Paris firm Belus & Hénocq Architectes has added a timber-clad educational centre and student dormitory to a boarding school, which sits in a landscaped park in the Saint-Denis area of Paris (+ slideshow).
The Maison d'Education de la Légion d'Honneur of Saint-Denis was founded by the French emperor Napoléon Bonaparte and inaugurated in 1811. It is situated within its own park adjacent to a medieval basilica.
The new addition by Belus & Hénocq Architectes is grafted onto the unfinished gable end of a 1950s infirmary building and comprises two wings connected by a bright circulation volume.
The two wings are arranged parallel to each other but in a staggered formation, with the west wing extending towards the nearby streets and the east wing facing the park.
"We wanted to continue the lines of the existing buildings and let the landscape dialogue with the new building in an inside-out composition," architect Adrien Hénocq told Dezeen.
"The bayonet-shaped plan articulates the landscape sequences, including the urban environment of nearby Saint-Denis, the classic garden and the wood where the building sits. It also allowed us to keep the most beautiful trees."
The positioning of the buildings alters the layout of paths and views in this corner of the park, which has more of a woodland feel than the rest of the formal landscaped gardens.
Each of the wings has a distinctly different relationship with the surrounding parkland due to their offset arrangement. This means the dormitory rooms on the upper two storeys and the ground-floor teaching areas all have unique views.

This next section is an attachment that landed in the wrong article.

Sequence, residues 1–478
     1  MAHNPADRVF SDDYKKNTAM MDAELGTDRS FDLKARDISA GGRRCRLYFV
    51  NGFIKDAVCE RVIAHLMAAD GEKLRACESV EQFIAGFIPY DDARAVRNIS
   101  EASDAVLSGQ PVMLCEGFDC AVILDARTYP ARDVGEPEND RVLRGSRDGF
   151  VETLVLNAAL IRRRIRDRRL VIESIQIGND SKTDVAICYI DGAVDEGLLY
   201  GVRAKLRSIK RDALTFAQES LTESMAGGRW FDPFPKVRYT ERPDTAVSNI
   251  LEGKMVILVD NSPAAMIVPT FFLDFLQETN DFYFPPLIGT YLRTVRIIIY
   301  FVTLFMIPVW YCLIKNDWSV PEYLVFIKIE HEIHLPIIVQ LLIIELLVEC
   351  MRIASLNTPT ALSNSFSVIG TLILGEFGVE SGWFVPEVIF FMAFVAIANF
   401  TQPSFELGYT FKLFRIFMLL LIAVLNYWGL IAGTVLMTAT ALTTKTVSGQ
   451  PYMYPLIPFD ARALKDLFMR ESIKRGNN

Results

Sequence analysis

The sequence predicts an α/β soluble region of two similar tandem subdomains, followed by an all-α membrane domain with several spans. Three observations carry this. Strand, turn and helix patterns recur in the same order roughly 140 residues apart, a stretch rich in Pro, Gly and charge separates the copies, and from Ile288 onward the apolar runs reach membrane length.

The structure that connects the two dormitory wings features an entirely glazed southern facade that floods the internal circulation space with natural light. Staircases extend along the glazed elevation through a full-height atrium that emphasises the bright and airy feel of this space.
The opposite edge is lined with small rooms and culminates in a corridor providing extensive views of the park on either side. A decked balcony offers an opportunity to take in the views from outside.
The regular arrangement of solid surfaces and voids across the facades lend the new addition a classical composition, reminiscent of some of the existing buildings on the site.
"The new building is a modern interpretation of a classic vocabulary where composition, rhythms and proportions of the existing buildings were reused," Hénocq added.
Materials help to identify the different functions housed within the building, with wood panelling applied to the dormitory areas and white render designating the educational spaces.
The extensive use of wood also gives the building a warm tonality that complements the natural setting. This is enhanced by the reflective glazing of the bridging structure, which provides a mirrored view of the park.
Wood is also found throughout the interior spaces, where floors, ceilings and structural elements featuring solid timber create a sense of consistency with the external cladding.
Other educational buildings in the French capital include a dance school with a perforated metal facade, and a yellow mesh box where students learn how to drive trucks.
Photography is by Raphaël Chipault.